Money’s Little Helpers

"The central evil, in Sinclair's view, is the vast Westfield shopping mall planned for the site.  This is the actual legacy, a double for its West London equivalent.  Sinclair explores the original with appreciative loathing: this, we see, is where history really ends, in a timeless retain interior which is only in the most strictly formal sense a place.  Money has established its own supreme teleology: we are simply a means of transferring it from one account to the other."  Sean O' Brien, Times Literary Supplement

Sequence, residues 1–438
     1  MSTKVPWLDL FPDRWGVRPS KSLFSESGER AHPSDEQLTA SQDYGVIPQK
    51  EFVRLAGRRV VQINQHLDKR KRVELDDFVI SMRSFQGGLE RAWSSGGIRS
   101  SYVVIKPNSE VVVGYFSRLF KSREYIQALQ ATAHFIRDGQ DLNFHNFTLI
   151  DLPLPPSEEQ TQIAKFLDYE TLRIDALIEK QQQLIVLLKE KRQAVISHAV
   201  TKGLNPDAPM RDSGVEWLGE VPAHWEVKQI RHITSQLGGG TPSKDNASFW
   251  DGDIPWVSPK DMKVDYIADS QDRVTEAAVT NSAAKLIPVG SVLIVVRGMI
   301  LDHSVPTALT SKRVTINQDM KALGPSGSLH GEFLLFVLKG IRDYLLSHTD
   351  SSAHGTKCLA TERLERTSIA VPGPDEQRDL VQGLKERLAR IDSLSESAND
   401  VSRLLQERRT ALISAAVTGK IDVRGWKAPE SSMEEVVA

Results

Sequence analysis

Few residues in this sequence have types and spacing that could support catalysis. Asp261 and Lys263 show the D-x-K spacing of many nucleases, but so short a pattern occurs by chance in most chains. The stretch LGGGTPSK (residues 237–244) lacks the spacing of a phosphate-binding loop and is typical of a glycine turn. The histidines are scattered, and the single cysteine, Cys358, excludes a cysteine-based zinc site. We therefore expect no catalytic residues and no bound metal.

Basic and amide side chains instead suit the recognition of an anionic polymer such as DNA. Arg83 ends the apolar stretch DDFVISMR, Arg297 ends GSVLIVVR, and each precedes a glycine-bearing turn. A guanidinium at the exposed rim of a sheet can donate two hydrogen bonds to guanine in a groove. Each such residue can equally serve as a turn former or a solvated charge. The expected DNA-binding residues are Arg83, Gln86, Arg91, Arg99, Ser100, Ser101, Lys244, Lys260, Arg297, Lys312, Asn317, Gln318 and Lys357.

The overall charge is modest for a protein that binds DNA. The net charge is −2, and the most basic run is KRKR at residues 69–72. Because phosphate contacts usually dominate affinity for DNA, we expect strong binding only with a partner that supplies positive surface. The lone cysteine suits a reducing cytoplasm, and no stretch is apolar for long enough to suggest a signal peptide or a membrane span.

I'm not moved.  Or at least, I am moved, yes, I am moved, but I sit still and watch you move instead of moving myself.  There's a gentle curve to parts of you, savage hills here and steep drops elsewhere.  The television is quiet and almost mute and I'm not really here, I think, this isn't me.  You shift on the bed. I move a glass of wine an inch either way and I think for a long time of the shifting things that make up a set of circumstances.  What's clear is this: the sun has gone down and I have had too much to drink.  The sun has gone down and you have had too much to drink, too.  I move the wine stem again and stand up and walk to the bathroom and when I see myself in the mirror I can't really recognize the constellation of urges and counter-urges that have led to this point in time.  I would hope that I am not dull, but sometimes it feels that to be this far into the process of breaking down the process, I have to be, to some extent.  My mouth is dry and caked with the remnants of this day's dinner and last night's excess.  I am back on the bed and then I stand up, slightly woozy, realising that in general, to deny myself isn't useful, but it might be sensible.  I go back into the bathroom and brush my teeth, each spiral of the brush reminding me that tomorrow I will do the same thing again, twice.